Gina Dortch built her small business around a strategy pizza companies have used for decades:
The average American household opens the refrigerator dozens of times a day. So if a pizzeria prints menus and glues them to their pizza boxes, there’s a good chance the customer will keep that menu, stick it on the refrigerator and think of their pizza joint first, when the next craving rolls around.
But what if more than the pizza company could benefit from one of those menus?
That’s what Dortch is doing with her business, Box Top Buzz. Dortch designs and prints the glossy menus that appear on top of the pizza boxes for free. In exchange for the free printing – a cost savings for the restaurants of about $10,000 a year, she says – the restaurants let Dortch make money selling advertising on the menus.
In the year since Dortch launched Box Top Buzz, she’s built a base of nearly 40 pizzerias in the Carolinas and raised awareness for dozens of local businesses, from chiropractors to car dealerships, law firms to insurance companies. They pay an average of 5 cents per pizza box, Dortch said.
“It’s a win-win for both,” said Dortch, who recently hired two sales associates to help her meet demand.
New strategy, new start: Dortch, 38, developed the idea for her business after her friend, a pizzeria owner, was complaining about how expensive it was to include a menu on top of every pizza box.
There’s a simple solution, she told him: Ask a neighboring business if they would want to advertise on the menu for a fee of, say, $300.
The first business she asked wrote a check immediately, Dortch said.
So when a friend of hers from Tega Cay, S.C., suggested she move to the Charlotte area, Dortch decided to give the new locale – and her business idea – a start. She moved to Fort Mill in December 2012 and launched her business just two months later.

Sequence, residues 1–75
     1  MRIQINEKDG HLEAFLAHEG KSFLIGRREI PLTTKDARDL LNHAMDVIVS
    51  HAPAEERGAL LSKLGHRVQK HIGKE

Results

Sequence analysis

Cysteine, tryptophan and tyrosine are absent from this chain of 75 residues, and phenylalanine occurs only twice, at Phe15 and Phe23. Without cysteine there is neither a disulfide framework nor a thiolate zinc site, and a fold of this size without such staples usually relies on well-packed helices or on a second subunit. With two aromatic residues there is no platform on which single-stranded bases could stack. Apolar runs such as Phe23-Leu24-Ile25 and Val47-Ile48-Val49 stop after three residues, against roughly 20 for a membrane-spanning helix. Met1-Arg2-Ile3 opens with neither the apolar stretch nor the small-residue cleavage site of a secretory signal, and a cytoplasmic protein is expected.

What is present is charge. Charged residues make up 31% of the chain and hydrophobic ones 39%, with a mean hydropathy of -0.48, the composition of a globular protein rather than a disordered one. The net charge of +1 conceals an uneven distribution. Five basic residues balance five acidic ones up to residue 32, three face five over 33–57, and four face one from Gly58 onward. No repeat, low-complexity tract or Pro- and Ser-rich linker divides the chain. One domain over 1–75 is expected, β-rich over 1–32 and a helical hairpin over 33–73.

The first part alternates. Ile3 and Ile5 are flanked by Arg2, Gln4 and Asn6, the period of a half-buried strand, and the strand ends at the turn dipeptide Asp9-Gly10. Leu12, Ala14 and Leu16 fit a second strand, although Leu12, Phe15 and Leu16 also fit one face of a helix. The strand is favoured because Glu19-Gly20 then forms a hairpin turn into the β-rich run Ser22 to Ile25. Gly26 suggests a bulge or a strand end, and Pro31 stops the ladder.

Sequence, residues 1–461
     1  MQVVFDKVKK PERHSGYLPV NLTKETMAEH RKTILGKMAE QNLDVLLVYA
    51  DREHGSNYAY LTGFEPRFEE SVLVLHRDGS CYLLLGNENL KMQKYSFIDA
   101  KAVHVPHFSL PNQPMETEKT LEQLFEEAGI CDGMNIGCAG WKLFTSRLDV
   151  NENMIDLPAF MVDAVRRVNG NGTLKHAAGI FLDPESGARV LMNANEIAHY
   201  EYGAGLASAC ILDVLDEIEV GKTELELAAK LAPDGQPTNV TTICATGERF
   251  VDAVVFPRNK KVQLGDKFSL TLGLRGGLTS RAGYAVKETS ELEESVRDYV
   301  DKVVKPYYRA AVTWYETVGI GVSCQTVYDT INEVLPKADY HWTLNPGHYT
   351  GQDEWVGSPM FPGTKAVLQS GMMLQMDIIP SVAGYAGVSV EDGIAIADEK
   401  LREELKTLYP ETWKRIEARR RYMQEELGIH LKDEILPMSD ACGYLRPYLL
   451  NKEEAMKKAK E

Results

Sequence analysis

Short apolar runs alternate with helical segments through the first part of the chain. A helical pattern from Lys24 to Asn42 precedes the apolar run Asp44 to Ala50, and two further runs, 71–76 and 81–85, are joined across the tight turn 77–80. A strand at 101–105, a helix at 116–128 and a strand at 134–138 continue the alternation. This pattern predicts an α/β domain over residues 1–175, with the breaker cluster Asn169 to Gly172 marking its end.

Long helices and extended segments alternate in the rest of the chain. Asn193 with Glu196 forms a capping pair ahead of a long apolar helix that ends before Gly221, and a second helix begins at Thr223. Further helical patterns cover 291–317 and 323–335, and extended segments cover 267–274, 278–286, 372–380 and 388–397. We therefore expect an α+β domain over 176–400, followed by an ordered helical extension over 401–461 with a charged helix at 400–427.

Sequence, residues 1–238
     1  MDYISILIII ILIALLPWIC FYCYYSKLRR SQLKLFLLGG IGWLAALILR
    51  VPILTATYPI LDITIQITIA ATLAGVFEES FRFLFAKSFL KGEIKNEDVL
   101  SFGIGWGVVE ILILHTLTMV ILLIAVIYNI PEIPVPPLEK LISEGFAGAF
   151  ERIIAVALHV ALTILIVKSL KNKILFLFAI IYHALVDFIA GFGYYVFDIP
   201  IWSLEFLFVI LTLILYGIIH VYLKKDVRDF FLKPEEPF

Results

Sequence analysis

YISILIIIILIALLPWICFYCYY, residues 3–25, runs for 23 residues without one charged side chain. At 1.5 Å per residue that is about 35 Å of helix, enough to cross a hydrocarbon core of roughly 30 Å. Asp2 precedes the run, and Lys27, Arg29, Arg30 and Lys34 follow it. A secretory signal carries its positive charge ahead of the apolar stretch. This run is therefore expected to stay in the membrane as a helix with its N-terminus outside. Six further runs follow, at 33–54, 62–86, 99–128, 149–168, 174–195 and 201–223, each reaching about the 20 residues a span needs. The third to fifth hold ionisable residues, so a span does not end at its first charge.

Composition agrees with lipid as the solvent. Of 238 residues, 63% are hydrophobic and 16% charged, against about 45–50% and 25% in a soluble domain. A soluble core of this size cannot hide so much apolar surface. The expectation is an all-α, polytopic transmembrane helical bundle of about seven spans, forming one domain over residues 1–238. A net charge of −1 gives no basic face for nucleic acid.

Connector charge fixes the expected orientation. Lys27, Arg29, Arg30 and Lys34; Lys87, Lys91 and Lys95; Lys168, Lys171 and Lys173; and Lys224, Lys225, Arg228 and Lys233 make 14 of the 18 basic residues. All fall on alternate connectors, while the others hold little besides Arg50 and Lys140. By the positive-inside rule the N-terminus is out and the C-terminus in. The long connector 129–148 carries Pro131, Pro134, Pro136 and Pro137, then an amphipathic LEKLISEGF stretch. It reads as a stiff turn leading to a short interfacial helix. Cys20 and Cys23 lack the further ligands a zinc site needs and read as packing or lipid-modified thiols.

NATO, reality TV, entrepreneurship: Though Dortch is now bingeing on “Entrepreneur on Fire” podcasts, she didn’t start her career with plans to run her own business.
At age 19, she joined the U.S. Air Force, and then bounced from a mobile command post job with NATO to credit counseling and bartending in Los Angeles.
About eight years ago, she was a fan favorite on the short-lived FX reality show “Todd TV,” where the audience voted on everything in Todd’s life, from where he should work to who he should date (Enter: Dortch.)
She then got her master’s degree in elementary education and started teaching, only to realize that wasn’t her calling, either. But now, she said, she’s in her element, and she’s using her varied experience to benefit the businesses she works with.
For example, she also works with the pizzerias and businesses on their marketing strategies and how to develop their brand.
Dortch said she asks advertisers, “What sets you apart?What are you doing to get your name out now? What works for you?”
Strategic cold-calling: Dortch said she makes about 100 cold calls every Monday, in hopes that 10 percent of them will lead to appointments later in the week. And to make the cold calls more successful, Dortch uses what she calls a “money map” – the Yellow Pages.
If you just search for businesses using Google, all the results are in the same size font, and you have to click on each individual business to read about it, she said. But if you’re looking in the Yellow Pages, you can spot the companies with larger advertising budgets by the size of their ads. It’s also an easy way to learn about the business by seeing the accolades, photos and the owner listed.
Yet another benefit, she adds: When you pick up the phone book to start calling the following Monday, “You know where you left off.”
McMillan Portillo: 704-358-6045; Twitter: @cbmcmillan
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